kernel /vmlinuz-2.6.24-27 root=/dev/sda5 ro vga=0x317 single
Grub install script
Installs GRUB on a drive. It copies GRUB images into the [DIR]/boot directory specified by '--root-directory' option and uses the grub shell to install grub into the boot sector.
grub-install [option] install_device
install_device Can be a GRUB device name or a system device filename
--root-directory=DIR Install GRUB images under the directory DIR instead of the root directory
--grub-shell=FILE Use FILE as the grub shell
--no-floppy Do not probe any floppy drive
--force-lba Force GRUB to use LBA mode even for a buggy BIOS
--recheck Probe a device map even if it already exists
Install in MBR of first hard disk
$ grub-install /dev/sda
$ grub-install '(hd0)'
Install to floppy
$ umount /dev/fd0
$ grub-install '(fd0)'
$ grub-install /dev/fd0
Install to second partition of second disk
$ umount /dev/sdb
$ grub-install '(hd1,1)'
$ grub-install /dev/sdb2
Check device.map - grub-install
# grub-install --recheck /dev/sda
Probing devices to guess BIOS drives. This may take a long time.
Searching for GRUB installation directory ... found: /boot/grub
'grub-install' looks for '/boot/grub/device.map'. If file does not exist GRUB guesses.
The grub shell
--config-file=FILE Specify stage2 config_file [default=/boot/grub/menu.lst]
--device-map=FILE Use the device map file FILE
--no-config-file Do not use the config file
--read-only Do not write anything to devices
Install in MBR of first hard disk
grub> root (hd0,0)
grub> setup (hd0)
Install to floppy
grub> root (fd0)
grub> setup (fd0)
Generate a menu.lst file
Program to generate GRUB's menu.lst file.
- Looks in /boot for all files which start with "vmlinuz-". Treats these as kernels and creates a menu entry for each.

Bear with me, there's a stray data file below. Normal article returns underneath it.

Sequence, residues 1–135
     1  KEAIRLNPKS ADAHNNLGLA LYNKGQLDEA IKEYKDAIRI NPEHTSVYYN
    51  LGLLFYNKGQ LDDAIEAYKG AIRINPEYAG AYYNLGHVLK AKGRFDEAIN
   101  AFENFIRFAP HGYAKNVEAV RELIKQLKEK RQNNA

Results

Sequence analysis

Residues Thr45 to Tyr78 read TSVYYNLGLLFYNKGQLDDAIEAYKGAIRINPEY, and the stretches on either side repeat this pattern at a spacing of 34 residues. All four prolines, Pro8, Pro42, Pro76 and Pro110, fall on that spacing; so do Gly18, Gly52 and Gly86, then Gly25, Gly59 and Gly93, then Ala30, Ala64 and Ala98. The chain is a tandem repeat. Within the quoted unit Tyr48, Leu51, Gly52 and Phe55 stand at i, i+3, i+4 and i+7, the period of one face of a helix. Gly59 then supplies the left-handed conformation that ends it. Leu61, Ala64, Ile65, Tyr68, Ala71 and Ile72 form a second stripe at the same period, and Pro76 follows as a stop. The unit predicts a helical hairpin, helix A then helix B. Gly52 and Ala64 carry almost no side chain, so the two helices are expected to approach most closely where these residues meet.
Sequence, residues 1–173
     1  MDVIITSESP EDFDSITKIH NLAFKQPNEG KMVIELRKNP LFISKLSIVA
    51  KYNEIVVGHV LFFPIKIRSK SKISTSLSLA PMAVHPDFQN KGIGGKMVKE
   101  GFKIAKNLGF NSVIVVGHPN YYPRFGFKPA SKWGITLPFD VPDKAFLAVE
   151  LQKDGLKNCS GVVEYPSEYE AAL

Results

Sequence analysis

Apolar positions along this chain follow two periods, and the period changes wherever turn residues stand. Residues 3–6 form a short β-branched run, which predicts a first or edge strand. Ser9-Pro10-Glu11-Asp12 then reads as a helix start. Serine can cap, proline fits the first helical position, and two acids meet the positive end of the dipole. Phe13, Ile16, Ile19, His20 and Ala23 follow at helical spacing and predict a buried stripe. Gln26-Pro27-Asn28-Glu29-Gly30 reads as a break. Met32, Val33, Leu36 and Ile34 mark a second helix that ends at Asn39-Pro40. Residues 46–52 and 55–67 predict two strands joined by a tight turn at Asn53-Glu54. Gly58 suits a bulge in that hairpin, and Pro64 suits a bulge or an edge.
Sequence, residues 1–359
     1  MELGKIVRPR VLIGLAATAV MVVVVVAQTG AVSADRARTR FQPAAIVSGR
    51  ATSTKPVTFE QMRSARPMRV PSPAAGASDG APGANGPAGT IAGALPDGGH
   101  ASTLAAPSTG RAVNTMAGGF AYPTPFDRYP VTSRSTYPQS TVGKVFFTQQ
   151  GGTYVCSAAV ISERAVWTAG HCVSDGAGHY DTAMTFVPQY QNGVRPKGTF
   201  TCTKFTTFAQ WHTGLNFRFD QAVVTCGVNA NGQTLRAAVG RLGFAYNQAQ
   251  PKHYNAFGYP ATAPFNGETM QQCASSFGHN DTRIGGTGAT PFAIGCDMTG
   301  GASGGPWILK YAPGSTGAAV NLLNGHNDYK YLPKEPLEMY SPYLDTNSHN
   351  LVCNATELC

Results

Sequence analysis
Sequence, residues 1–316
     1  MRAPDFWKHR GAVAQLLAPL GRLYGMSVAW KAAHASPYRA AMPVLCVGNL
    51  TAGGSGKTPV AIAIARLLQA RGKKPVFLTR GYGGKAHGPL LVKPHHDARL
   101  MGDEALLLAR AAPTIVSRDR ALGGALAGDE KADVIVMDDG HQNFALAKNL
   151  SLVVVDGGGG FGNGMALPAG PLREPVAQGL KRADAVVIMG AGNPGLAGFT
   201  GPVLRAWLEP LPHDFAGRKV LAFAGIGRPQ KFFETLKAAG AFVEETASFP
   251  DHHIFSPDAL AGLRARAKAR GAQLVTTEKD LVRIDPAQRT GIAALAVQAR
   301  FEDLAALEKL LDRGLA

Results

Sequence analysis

- Adds initrd lines for ramdisk images found with the same version as kernels found e.g. /boot/vmlinuz-2.4.5 and /boot/initrd-2.4.5
- Creates the initial 'menu.lst' if none exists, after prompting the user.
- After 'update-grub' has been run for the first time, the user is required to edit the generated 'menu.lst'.
# update-grub [-y]
Default update-grub settings - /boot/grub/menu.lst
# kopt=root=/dev/hda1 ro # Options passed to the linux kernel as
# parameters - everything after "kopt="
# groot=(hd0,1) # Grub device from which to load kernel
# alternative=true # Create the alternative boot options in
# the menu entries. 'false' - do not create
# lockalternative=true # Lock the alternative boot options
# lockold=true # Lock the old kernels. 'false' - do not lock
# altoptions=(recovery option) single # Controls what is used for the alternative
# boot options, multiple 'altoptions lines'
# are allowed. Format:
# altoptions=(desc.) kernel cmd-line options
# Desc. is placed in '()', the kernel
# command line options follow
# updatedefault=true # Should grub update the default entry to keep
# booting the same kernel even if a new one is
# installed. 'false' - do not update
Grub2 is the later version of grub, big changes. Most modern Linux systems will be using this. It supports EFI boot.
Grub2 enters recovery mode when it cannot find anything - one thing that will cause this to happen, when labels (UUID) are not being used, is removing partitions that cause the remaining partitions to be re-ordered. When this happens you need to tell grub where it's files are then have it go ahead as normal.
Recover from rearranged partitions - tell grub where everything is
grub recovery> set prefix=(hd0,X)/boot/grub # where X is the partition number where
# /boot/grub resides. If /dev/sda5 then X=5
grub recovery> set root=(hd0,X) # Where root partition resides
grub recovery> insmod normal
grub recovery> normal # Causes grub to continue as normal
This just gets you booted, you still need to ensure that grub is aware of the rearranged partitions. Once the system has booted, open a terminal
Update grub with new partition info
# update-grub # Re-creates all the grub config files
# grub-install /dev/sda # Re-installs grub in MBR of first disk
Run update-grub script 'automagically'
When certain things happen 'update-grub' will be run automatically depending on the configuration in this file.
Example configuration - kernel-img.conf
do_symlinks = yes
relative_links = yes
do_bootloader = no
do_bootfloppy = no
do_initrd = yes
link_in_boot = no
postinst_hook = update-grub
postrm_hook = update-grub
'update-grub' is a stub for 'grub-mkconfig -o /boot/grub/grub.cfg'